In August I took a two-week portrait workshop in New York at Jacob Collins’ atelier, Grand Central Academy (GCA). The workshop was taught by Gregory Mortenson who does beautiful portrait work. Mortenson graduated from GCA in 2006 after studying for four years with Collins and was a graphic designer prior entering the atelier, like me.
One of my main goals from last year was to get better at drawing the face knowing that figure drawings often fall apart at the face. I took a portrait drawing workshop, painted at portrait club and tended to crop in on the face while painting from the figure in life room.
There were only 12 spots for the class so I signed signed up early way back in April and waited for months. This would be my send off for Operation Year Two: Portrait Crack Down. Not that anyone is ever done pursuing the great mysteries of the portrait (it will probably remain my obsession), but this would be a major benchmark to see how far I’ve come.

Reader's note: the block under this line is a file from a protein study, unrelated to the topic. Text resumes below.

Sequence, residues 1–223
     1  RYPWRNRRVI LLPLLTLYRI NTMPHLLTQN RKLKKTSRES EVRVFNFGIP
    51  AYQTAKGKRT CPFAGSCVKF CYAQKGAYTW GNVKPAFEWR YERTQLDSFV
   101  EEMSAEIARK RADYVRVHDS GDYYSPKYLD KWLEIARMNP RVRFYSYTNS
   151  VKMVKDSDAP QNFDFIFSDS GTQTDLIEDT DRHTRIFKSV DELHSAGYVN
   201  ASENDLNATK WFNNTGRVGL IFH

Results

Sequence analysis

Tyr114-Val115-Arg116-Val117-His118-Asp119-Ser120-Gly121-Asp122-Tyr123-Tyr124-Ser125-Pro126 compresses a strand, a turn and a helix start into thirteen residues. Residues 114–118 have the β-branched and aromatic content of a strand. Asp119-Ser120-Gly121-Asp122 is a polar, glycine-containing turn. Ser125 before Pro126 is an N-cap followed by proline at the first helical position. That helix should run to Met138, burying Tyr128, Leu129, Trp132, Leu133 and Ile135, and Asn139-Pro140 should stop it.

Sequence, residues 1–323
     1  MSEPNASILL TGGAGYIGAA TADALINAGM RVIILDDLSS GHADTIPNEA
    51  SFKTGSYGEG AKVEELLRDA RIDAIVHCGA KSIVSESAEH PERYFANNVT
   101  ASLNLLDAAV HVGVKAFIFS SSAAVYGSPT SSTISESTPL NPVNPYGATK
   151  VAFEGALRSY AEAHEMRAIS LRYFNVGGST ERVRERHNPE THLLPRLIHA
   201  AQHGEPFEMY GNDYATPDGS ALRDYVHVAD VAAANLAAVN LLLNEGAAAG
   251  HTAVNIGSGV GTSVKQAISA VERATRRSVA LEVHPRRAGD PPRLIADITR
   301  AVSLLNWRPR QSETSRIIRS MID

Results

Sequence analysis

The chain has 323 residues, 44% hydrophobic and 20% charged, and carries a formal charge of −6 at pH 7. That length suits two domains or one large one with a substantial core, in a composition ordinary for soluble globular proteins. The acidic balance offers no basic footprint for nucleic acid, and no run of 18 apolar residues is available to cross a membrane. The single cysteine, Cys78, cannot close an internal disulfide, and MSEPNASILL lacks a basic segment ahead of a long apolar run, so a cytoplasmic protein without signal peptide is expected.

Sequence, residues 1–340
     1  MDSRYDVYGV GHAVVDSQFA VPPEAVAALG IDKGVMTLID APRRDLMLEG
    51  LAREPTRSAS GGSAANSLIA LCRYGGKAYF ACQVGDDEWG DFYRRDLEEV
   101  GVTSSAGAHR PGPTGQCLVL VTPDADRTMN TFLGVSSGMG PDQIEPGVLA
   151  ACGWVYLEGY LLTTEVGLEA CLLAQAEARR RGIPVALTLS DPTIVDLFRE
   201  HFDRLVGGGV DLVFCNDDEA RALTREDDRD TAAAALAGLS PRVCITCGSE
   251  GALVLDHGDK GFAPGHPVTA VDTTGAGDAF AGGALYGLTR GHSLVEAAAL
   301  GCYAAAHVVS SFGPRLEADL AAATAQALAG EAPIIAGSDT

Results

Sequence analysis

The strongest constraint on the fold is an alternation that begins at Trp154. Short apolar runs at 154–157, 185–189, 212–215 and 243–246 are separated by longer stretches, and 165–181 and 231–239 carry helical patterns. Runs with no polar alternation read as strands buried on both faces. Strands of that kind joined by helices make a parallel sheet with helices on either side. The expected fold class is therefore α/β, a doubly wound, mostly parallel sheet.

The first week of the class was for drawing the portrait in graphite, then we learned to mix flesh tones and got into painting during the second week. Here are photos of the process:
The workshop was super helpful and and a good prep course for a year of full color in life room. Year Three started last Monday and I have my sites set on a new or perhaps expanded goal: tackling convincing flesh tones on the full figure in life room. It is my deepest wish of year three to paint a sensitively drawn figure with rounded turning of forms in convincing flesh tones — and with accurate values!
In terms of tall orders, this is the Burj Khalifa of painting goals. All painters learn to draw and paint the figure simply because it is the most challenging subject out there. It’s organic yet very structural, transluscent and opaque, and it’s human. It’s us. Every person in the world has the uncanny ability to know when something has gone wrong in a figure painting, no artistic training required. And so that’s the gauntlet of year three. A convincing figure. With a full palette at my disposal and two years of training under my belt, let’s see what happens.